The board of the FoWR recently adopted the following position statement:
“The Friends of White River oppose the proposed Mounds/Anderson Dam.
We consider the loss of a free flowing stream near our area to be a huge cost to pay for a reservoir with unknown/questionable water quality. Fishing and recreational opportunities will degrade. As the river exists now, there are fine canoeing and kayaking opportunities. Our White River is presently teeming with small mouth bass and other game fish, and many people enjoy fishing there.
Agricultural and residential run off make this a poor solution to store water for urban uses. Unknown and non-verifiable industrial dumps located in the area will further degrade water quality. Citizens Water has studied future needs for Indianapolis, and announced that present sources and strategies will stand in good stead for at least the next 25 years. Evaporative losses of a reservoir with such a large surface area also negatively impact feasibility.
We believe the dam will provide little flood control benefit to Indianapolis. Much of our natural flow presently comes from streams that are downstream of the proposed dam site.
Board of Directors, Friends of the White River, May 21, 2014”
It’s entirely fitting that the group would take such a position. We’ve often wondered why it has not acted sooner. Perhaps the May 12th panel presentations provided additional rationale and encouragement.
Not to look the proverbial gift horse in the mouth, but we also wonder why their statement is silent on the issues of riparian and forest protection, as well as needed wildlife habitat preservation. Those are huge potential negative ecological impacts.
A recent IURC (Indiana Utility Regulatory Commission) report urged regional water supply planning in central Indiana, as follows:
“In the growing metropolitan area of central Indiana, … there is no ‘water management plan’ for the regional water resources. … This area should receive highest priority for evaluation.” (2013 Water Utility Resource Report: A Look at Indiana’s Water Supply and Resource Needs)
In response to a recent inquiry about the status of regional planning, Citizens Water’s communications manager indicated that he would consult with its personnel and report back with a description of who is doing what. He also offered that Citizens wants to be a leader in regional water planning.
Considering that exercising leadership in a complex and ongoing process usually requires substantial organizational capacity, the question arose about which other entities might also seek to have a seat at the leadership table. Several come to mind: The Upper White River Watershed Alliance (a 16-county consortium of local governments, utilities, universities, and private producers), the Central Indiana Council of Elected Officials (and its organizing entity the Urban land Institute/Indiana), and the Service Advisory Board (an advisory group of municipalities). These groups have water interests to advance or protect.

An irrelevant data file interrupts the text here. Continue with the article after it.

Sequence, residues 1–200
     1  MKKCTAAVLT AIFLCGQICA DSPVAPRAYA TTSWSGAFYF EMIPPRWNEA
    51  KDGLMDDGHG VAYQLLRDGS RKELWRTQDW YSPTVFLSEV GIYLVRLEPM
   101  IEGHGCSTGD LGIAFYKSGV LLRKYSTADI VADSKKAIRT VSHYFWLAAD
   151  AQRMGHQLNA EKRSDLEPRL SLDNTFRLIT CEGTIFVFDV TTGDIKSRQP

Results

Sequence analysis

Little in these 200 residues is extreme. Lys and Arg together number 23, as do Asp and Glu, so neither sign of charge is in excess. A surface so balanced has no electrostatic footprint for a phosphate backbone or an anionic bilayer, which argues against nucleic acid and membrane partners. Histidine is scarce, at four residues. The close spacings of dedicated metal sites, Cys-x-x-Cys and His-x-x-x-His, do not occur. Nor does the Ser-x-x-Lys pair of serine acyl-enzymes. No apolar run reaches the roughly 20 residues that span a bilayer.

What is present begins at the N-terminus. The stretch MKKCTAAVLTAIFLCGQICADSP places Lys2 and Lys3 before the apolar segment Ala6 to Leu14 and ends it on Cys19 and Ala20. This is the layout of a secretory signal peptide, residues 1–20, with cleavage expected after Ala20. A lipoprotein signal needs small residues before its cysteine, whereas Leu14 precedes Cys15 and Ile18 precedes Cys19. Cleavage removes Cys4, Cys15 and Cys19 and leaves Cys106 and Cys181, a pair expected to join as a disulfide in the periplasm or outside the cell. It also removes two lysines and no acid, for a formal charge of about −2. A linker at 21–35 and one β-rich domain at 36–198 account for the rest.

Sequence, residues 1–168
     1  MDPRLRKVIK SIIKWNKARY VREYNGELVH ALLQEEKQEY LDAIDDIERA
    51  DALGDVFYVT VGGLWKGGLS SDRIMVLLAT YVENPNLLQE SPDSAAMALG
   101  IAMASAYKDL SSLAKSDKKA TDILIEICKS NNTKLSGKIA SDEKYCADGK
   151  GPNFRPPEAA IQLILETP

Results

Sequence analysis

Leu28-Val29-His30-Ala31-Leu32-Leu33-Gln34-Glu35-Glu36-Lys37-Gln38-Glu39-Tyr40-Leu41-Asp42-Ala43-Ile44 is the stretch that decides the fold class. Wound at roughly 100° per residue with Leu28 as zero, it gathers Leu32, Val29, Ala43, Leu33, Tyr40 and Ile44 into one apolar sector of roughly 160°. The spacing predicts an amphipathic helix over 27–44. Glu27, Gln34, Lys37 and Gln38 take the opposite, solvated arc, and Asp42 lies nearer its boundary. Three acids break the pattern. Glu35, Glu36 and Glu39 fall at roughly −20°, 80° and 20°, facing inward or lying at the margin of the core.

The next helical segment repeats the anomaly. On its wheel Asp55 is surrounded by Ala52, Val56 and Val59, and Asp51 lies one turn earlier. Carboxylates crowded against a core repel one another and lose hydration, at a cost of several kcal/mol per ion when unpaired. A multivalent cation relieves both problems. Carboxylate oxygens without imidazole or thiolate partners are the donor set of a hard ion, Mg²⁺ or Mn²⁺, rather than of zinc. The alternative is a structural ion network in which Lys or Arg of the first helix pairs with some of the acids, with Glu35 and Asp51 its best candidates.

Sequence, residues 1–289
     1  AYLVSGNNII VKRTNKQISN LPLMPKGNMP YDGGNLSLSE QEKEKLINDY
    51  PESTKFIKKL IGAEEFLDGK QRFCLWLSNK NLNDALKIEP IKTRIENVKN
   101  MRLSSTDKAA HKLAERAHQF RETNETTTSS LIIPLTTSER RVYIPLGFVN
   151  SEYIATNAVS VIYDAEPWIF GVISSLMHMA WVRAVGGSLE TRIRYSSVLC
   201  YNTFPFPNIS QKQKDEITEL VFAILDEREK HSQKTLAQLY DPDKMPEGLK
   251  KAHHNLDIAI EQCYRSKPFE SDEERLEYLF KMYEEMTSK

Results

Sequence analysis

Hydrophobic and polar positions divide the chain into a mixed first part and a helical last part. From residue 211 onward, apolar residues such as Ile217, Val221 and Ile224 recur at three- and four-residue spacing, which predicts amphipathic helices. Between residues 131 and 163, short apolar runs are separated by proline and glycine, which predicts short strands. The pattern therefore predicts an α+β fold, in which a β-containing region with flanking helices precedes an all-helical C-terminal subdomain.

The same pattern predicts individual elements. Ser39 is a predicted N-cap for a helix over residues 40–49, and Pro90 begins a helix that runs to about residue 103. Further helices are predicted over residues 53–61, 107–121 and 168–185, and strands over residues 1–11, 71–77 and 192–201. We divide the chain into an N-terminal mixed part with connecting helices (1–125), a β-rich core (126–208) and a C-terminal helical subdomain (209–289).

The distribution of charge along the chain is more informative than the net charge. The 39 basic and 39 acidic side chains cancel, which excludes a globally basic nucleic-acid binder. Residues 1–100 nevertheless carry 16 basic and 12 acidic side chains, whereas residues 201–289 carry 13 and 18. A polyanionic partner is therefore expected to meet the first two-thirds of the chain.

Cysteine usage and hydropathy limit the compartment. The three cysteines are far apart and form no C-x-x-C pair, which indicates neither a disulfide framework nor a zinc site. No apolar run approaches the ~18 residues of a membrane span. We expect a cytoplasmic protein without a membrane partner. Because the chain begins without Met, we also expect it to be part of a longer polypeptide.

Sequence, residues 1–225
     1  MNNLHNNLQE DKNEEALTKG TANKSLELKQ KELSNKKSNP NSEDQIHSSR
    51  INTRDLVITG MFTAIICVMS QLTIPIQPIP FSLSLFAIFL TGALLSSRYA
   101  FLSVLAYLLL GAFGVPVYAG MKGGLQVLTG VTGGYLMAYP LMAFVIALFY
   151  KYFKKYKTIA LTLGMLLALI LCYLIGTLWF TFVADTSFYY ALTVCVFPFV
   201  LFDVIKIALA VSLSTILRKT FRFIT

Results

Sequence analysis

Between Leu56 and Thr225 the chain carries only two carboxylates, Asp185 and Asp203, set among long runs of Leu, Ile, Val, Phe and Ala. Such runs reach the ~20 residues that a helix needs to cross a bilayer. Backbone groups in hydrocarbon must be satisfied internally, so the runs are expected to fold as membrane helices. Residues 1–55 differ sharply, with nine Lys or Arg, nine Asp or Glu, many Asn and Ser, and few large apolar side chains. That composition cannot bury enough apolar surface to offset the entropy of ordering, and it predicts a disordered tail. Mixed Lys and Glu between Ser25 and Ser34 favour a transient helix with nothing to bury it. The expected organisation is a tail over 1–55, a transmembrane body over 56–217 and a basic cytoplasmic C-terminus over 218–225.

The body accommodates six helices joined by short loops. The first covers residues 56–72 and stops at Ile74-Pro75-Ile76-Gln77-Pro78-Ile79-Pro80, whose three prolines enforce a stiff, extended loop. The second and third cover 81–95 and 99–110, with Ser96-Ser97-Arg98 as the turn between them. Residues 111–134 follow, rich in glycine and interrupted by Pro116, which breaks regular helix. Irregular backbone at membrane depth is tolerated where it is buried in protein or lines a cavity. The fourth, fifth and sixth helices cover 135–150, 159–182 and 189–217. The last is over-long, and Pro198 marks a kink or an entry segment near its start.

Will these groups, if operating in positions of leadership and hence control, deign to open the door to community groups and interests not affiliated with the water industrial complex or the prevailing political machinery? We shall see. For Citizens Water’s part, as a public charitable trust, it should promote diversity and inclusiveness. The others have less of a public foundation and perhaps more individual motivations.
Will the IURC encourage or require the regional planning process to be open and inclusive to permit all points of view to be heard? Its 2013 report does delineate community participation as a key element of Integrated Water Resources Management, but not specifically for regional water planning. Perhaps it can be presumed. But it’s not necessarily assured.
Broad participation in water management planning should be more than just the creation of a list of acceptable “stakeholders” to the exclusion of all others. If not, the planning may end up with the same ol’ solution of more-supply without meaningful evaluation of the other alternatives.
“Our history is understood by riverine chapters, and it is impossible to know American life without constant reference to rivers. And it is still to them we look for restoring some poetry to our national life in the face of an increasingly platitudinous present.”
Thomas McGuane, 1993.
Here’s the link to the You Tube playlist for the videos of each panelist and the Heart of the River coalition’s welcoming remarks.
The civic conversation about this reservoir plan was greatly enhanced by the four panelists’ presentations and by the citizens’ comments and questions which followed. We are indebted to the four panelists: Donald R. Cochran, archaelogist; Tony Fleming, hydrogeologist; Morton J. Marcus, economist; and Donald G. Ruch, biologist. Also, special thanks to the moderator for the evening, Donald Boggs of Anderson, and to Douglas and Marian Berky for their several contributions in time and talent.